German Chancellor Angela Merkel, who was scheduled to pay an official visit to Turkey on Saturday to discuss Europe's problematic migrant burden, will reportedly try convincing Turkey on the action plan that the EU drafted. However, Ankara criticized the idea of the EU offering financial help to Turkey to ease the migrant crisis and that the 28-bloc union had woken up too late to Turkey's importance in stemming the flow of refugees from Syria and accused it of insincerity in talks on Turkish membership despite recent overtures.
President Recep Tayyip Erdoğan said his NATO nation's proximity to Syria and its key role in handling the refugee crisis had strengthened its case for EU membership."The West and Europe's security and stability is contingent on our security and stability. They have accepted this now. In the talks I held in Brussels last week they accepted all this. It can't happen without Turkey," Erdoğan told a conference in Istanbul. "So if it can't happen without Turkey, why don't you take Turkey into the EU? The problem is clear but they are not open. They are not clear. They say 'We made a mistake on NATO, let's not make the same mistake on the EU.' That is the problem," he said.
Foreign Minister Feridun Sinirlioğlu on Friday slammed the EU offer. "There is a financial package proposed by the EU and we told them it is unacceptable," Sinirlioğlu told reporters, saying Turkey needed at least 3 billion euros in the first year of the deal. He said the action plan agreed late Thursday is "not final" and merely "a draft on which we are working."
EU leaders said Thursday that they had agreed with Erdoğan on a migration "action plan," offering a possible 3 billion euros in aid to Turkey to help halt the migrant flow to Europe. But sources in Ankara denied the claim and said there was no final agreement yet. Sinirlioğlu said the plan had not taken its final shape and it was wrong to give the impression that Turkey wanted a certain amount of funds to keep refugees in Turkey. The action plan aims for greater cooperation with Turkey, which has a 900-kilometer border with Syria, on improving the lives of the more than 2.2 million Syrian refugees in Turkey and on encouraging them to stay put.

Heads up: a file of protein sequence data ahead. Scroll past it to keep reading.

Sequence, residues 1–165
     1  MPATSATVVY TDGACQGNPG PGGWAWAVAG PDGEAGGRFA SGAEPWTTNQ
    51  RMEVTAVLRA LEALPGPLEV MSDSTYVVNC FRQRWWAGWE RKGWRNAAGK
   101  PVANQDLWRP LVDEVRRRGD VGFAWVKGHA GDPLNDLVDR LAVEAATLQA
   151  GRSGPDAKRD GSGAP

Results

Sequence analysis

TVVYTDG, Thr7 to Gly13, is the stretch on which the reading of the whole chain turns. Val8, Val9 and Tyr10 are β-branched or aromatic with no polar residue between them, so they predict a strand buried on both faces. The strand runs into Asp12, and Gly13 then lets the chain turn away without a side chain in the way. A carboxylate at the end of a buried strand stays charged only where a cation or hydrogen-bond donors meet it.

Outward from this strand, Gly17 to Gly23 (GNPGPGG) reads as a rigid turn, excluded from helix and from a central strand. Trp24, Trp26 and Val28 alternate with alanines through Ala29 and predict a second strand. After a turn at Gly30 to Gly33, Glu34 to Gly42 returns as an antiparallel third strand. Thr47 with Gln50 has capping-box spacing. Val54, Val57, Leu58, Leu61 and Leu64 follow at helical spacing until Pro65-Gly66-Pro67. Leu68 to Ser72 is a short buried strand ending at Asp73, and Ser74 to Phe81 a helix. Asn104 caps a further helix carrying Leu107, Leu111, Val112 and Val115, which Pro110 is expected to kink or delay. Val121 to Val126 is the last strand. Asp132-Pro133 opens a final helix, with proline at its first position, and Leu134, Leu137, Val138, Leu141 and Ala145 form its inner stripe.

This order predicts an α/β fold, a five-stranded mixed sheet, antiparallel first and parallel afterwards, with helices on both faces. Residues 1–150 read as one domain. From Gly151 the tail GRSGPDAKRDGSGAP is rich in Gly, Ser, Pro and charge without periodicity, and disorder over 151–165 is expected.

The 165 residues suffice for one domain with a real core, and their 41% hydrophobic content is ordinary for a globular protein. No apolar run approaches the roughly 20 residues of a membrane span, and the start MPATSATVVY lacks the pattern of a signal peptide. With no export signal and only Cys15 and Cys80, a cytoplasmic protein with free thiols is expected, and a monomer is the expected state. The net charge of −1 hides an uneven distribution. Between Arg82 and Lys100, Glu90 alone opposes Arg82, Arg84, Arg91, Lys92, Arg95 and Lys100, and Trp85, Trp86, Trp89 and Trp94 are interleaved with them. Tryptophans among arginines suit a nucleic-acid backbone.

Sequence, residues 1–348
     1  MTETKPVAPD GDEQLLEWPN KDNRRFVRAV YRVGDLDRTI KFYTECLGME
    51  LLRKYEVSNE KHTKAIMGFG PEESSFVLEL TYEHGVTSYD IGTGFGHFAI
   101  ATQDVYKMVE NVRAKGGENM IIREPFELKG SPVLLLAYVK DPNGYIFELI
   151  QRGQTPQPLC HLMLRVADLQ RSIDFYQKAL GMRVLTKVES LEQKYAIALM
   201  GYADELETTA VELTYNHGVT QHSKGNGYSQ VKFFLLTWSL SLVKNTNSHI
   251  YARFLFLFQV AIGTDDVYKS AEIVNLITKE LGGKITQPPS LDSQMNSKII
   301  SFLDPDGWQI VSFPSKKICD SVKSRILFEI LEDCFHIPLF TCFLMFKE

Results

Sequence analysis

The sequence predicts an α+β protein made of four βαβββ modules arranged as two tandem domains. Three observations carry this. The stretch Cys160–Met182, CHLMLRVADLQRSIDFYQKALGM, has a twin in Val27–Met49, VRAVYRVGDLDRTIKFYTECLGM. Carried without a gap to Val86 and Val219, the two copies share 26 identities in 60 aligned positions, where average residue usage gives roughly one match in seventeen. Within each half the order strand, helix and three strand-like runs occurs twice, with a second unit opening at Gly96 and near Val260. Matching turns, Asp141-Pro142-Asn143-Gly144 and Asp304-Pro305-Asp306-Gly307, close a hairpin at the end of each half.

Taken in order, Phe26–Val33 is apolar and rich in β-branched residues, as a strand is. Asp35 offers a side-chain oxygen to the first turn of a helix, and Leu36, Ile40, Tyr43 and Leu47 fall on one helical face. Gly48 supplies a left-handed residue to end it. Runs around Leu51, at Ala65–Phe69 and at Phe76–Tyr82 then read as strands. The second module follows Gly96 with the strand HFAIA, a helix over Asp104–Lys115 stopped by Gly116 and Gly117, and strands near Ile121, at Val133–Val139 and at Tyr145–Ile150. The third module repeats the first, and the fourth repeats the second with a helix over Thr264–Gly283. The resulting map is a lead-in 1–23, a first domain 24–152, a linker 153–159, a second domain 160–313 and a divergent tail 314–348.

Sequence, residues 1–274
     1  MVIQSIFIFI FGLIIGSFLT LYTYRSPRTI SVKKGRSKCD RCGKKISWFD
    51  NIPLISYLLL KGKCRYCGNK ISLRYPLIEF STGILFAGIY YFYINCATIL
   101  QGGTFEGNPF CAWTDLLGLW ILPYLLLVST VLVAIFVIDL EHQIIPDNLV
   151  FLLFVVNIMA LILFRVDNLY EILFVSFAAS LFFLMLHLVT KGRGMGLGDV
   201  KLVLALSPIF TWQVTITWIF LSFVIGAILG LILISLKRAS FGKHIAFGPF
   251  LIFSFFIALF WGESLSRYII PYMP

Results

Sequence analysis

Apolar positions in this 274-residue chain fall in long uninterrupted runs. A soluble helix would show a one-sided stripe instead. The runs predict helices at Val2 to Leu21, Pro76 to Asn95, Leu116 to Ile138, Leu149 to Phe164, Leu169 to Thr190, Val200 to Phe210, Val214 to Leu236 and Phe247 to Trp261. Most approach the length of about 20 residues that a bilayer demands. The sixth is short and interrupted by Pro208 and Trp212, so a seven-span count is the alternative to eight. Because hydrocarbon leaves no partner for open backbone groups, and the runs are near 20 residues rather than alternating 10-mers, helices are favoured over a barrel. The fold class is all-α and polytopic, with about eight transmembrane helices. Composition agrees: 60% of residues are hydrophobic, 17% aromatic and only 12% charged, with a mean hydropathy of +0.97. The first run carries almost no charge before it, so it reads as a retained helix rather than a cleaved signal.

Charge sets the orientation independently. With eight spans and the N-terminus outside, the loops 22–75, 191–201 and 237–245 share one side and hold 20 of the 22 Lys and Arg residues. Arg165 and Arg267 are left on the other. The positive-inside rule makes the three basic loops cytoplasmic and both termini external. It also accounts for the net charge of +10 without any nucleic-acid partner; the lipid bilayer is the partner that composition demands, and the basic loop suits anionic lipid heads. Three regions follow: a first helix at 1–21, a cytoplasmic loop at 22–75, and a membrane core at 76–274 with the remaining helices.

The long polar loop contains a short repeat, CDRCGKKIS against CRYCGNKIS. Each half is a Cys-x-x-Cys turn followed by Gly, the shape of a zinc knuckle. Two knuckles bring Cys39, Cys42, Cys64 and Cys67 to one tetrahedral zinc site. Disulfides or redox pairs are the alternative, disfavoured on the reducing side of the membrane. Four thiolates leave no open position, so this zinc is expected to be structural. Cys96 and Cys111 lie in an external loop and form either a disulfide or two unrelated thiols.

Though the plan put no figure on "substantial and concrete new funds" the EU would offer, Chancellor Merkel, who will meet Erdoğan in Istanbul on Sunday, said the figure of 3 billion euros, which EU officials said Ankara had requested, had been discussed and seemed reasonable.
"We have spent $8 billion until now. How much support did the world give us? $417 million," said Erdoğan.
Erdoğan said Europe only woke up to the scale of Syria's refugee crisis when pictures of the tiny body of three-year-old Aylan Kurdi, whose family was trying to reach Europe, washed up on a beach near the Turkish resort of Bodrum last month. "When that toddler Aylan washed up on Bodrum's shores, they started using that photo on the front of their magazines and started questioning themselves," Erdoğan said.
"Ok, but how long have we been shouting and calling? In Turkey now there are 2.2 million Syrians alone. There are 300,000 Iraqis," he said. Justice and Development Party (AK Party) spokesman Ömer Çelik said the migration crisis and Turkish accession negotiations were two separate issues and that membership talks should not be "a matter of political bribery."
Foreign Minister Sinirlioğlu later told reporters in Ankara that Turkey had told its EU partners the focus on security measures was wrong and that Ankara had pushed the idea of a safe zone to keep refugees in their own countries.
In formal conclusions agreed by the 28 national leaders at a late-night meeting, Turkey was offered an accelerated path to giving its citizens visa-free travel to the EU, provided it met previously agreed conditions.
*Contributed by wires